Seeing friends and family was just part of our recent trip to the Southwest. Another highlight was spending a whole day exploring just a tiny bit of the Grand Canyon. After we left Durango, we headed to Flagstaff, AZ, our jumping off place. Enroute, we passed Shiprock, one of the great landmarks of our desert country. We tried to imagine the pioneers seeing it without today's roads and telephone wires.
Upon the advice of Nancy's friend, Bill, we took the less traveled East Entrance and were glad he suggested it. Our first stop was Desert View where there is this amazing Watchtower that was built in the 1930's.
Looking carefully at other stops along the way, we could still see the tower.
Same tower, a few miles away
We stopped frequently to enjoy the view until we reached Mather Point where we decided to walk a ways along the Rim Trail.
We had to look carefully to see the Colorado River which is about ten miles below. From above it's hard to believe that this river, which starts in the Rocky Mountains and flows all the way to the Gulf of California, carved this magnificent canyon.
A bend in the Colorado River
On our heavily traveled trail, we didn't see too many four-legged animals. We did see a gentleman feeding this rock squirrel despite many warnings that medics often treat 30 squirrel bites a day. I guess they have pretty sharp teeth and don't hesitate to use them!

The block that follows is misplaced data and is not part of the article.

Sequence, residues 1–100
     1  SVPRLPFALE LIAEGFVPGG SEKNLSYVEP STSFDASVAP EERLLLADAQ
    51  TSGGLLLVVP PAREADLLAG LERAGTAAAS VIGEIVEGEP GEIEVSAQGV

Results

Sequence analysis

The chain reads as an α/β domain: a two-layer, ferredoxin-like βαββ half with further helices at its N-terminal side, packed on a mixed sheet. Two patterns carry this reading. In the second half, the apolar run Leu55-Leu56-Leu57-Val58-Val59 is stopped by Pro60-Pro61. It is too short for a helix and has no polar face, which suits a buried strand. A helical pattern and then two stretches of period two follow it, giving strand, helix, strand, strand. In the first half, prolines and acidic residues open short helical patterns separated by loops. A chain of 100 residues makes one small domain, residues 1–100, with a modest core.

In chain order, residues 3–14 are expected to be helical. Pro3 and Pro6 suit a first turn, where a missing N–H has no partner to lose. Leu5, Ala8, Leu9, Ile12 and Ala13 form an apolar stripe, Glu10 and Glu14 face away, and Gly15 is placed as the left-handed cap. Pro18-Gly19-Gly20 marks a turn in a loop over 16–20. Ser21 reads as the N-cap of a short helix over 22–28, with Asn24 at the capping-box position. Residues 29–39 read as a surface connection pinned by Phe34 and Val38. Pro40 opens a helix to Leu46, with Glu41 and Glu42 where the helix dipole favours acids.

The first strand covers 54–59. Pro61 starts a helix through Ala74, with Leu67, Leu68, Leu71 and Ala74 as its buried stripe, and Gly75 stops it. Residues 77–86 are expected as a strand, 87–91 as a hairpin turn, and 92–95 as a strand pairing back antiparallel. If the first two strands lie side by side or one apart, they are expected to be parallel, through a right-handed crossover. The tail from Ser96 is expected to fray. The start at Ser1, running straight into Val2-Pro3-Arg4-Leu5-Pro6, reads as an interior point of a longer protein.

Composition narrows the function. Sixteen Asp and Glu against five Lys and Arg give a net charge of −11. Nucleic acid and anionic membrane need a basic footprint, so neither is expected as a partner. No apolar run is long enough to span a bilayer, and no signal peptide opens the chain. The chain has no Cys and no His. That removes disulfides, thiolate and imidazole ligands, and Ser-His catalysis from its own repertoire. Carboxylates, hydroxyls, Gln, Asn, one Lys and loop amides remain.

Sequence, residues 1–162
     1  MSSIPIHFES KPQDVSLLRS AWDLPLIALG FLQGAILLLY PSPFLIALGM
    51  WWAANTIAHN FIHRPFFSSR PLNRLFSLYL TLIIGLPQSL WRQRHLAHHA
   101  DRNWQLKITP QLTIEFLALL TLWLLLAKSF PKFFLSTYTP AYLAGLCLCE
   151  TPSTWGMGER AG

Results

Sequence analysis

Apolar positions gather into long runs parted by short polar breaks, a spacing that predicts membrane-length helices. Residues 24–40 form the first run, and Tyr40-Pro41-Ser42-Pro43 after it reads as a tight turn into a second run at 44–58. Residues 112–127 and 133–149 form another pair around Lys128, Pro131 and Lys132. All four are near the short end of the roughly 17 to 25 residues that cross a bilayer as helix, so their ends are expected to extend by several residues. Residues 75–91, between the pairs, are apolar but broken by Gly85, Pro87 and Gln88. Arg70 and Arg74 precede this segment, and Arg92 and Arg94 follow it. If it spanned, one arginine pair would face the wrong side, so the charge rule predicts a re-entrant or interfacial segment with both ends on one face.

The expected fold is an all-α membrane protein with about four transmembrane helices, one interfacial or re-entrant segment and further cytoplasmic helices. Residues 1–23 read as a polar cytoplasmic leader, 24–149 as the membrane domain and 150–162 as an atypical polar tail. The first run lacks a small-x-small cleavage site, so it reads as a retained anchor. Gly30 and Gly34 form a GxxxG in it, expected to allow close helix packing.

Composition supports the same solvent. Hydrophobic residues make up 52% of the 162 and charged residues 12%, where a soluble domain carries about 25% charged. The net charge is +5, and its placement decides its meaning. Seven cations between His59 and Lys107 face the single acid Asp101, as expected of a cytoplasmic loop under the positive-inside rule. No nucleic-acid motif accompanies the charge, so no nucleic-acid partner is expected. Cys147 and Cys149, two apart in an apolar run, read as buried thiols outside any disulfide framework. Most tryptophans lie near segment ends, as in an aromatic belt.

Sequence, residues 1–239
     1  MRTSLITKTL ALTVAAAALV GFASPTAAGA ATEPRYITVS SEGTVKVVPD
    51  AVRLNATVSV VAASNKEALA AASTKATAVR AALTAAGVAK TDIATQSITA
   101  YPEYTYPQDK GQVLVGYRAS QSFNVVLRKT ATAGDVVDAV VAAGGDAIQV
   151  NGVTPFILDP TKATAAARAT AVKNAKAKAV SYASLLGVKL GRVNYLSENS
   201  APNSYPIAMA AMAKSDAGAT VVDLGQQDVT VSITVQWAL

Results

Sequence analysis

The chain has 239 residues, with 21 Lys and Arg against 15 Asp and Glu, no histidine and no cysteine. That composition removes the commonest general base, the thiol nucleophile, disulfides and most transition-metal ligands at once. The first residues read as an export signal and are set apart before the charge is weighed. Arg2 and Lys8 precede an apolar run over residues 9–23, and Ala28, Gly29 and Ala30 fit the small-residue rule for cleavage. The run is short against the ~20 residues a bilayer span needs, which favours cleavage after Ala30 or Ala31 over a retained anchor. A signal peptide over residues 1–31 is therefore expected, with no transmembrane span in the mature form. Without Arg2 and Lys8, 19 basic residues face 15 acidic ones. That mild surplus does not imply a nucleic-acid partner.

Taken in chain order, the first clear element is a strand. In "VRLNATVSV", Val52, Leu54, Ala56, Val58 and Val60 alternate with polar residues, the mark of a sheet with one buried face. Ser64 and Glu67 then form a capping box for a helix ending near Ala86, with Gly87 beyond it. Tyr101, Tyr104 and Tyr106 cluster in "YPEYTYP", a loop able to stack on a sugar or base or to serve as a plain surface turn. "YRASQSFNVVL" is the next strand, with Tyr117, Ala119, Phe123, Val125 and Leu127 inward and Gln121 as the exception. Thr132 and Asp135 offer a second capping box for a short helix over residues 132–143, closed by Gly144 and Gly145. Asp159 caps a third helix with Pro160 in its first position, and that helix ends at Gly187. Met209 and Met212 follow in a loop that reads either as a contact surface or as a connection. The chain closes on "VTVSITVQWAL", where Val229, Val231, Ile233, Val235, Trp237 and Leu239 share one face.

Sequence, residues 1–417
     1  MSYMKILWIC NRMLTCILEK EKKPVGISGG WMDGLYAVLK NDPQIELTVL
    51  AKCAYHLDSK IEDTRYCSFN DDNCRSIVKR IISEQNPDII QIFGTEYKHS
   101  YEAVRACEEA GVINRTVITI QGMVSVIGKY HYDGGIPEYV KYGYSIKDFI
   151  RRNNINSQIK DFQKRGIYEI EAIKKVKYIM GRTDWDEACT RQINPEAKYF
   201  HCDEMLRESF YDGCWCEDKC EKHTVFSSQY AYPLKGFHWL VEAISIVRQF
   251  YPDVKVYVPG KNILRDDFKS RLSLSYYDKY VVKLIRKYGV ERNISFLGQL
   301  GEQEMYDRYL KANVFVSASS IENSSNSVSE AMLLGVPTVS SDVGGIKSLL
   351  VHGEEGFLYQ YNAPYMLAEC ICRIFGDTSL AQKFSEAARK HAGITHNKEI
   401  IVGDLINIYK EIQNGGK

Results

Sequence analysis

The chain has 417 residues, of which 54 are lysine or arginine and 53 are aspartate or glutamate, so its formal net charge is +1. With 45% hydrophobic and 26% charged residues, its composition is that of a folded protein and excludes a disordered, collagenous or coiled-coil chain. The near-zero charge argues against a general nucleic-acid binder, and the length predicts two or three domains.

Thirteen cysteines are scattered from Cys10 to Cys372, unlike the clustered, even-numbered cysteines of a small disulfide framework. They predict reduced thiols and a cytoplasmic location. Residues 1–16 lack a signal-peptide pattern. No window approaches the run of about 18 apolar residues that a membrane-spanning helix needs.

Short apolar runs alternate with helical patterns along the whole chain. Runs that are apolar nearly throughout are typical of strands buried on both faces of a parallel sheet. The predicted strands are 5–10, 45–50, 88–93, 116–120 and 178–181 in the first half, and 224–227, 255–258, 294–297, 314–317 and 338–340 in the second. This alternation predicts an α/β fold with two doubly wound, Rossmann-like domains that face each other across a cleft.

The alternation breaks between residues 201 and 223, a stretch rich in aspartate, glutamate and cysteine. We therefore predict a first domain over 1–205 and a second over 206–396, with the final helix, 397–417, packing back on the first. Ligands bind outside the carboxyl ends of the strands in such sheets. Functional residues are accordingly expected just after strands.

We saw a number of folks risking life and limb by walking out on the edge of rocks with no railings, all for the sake of a picture or two. And then there was the guy tossing rocks over the edge, unmindful of people who may have been hiking below. (I don't mean to be critical but do have a hard time understanding such folly. Guess it's my age showing....)
Can you see the "brave" person?
Once in a while I can catch Dick on "film". And yes, he was in front of the wall!
Apparently the raven is the most common bird of the Grand Canyon. He's much larger than the crows that frequent our backyard.
We have several friends who've hiked down into the canyon so were quite excited to see the trail far below as well as the suspension bridge across the river. That sounds like a really tough hike as the way back out is all uphill! Ten miles UP!
Trail and bridge
A kind woman saw us struggling to take a timed photo of the two of us and offered to help. We were able to return the favor to another much younger couple on down the trail. We only walked as far as the Yavapai Observation station where Dick took the bridge picture, and we realized that was as far as our day's trek would take us.
While we barely scratched the surface of this beautiful place, it was a fun way to end our trip. From Flagstaff we headed back to Phoenix, had a great visit with our long ago neighbors, the Lamms, and flew back to the blessedly cool weather of the Northwest.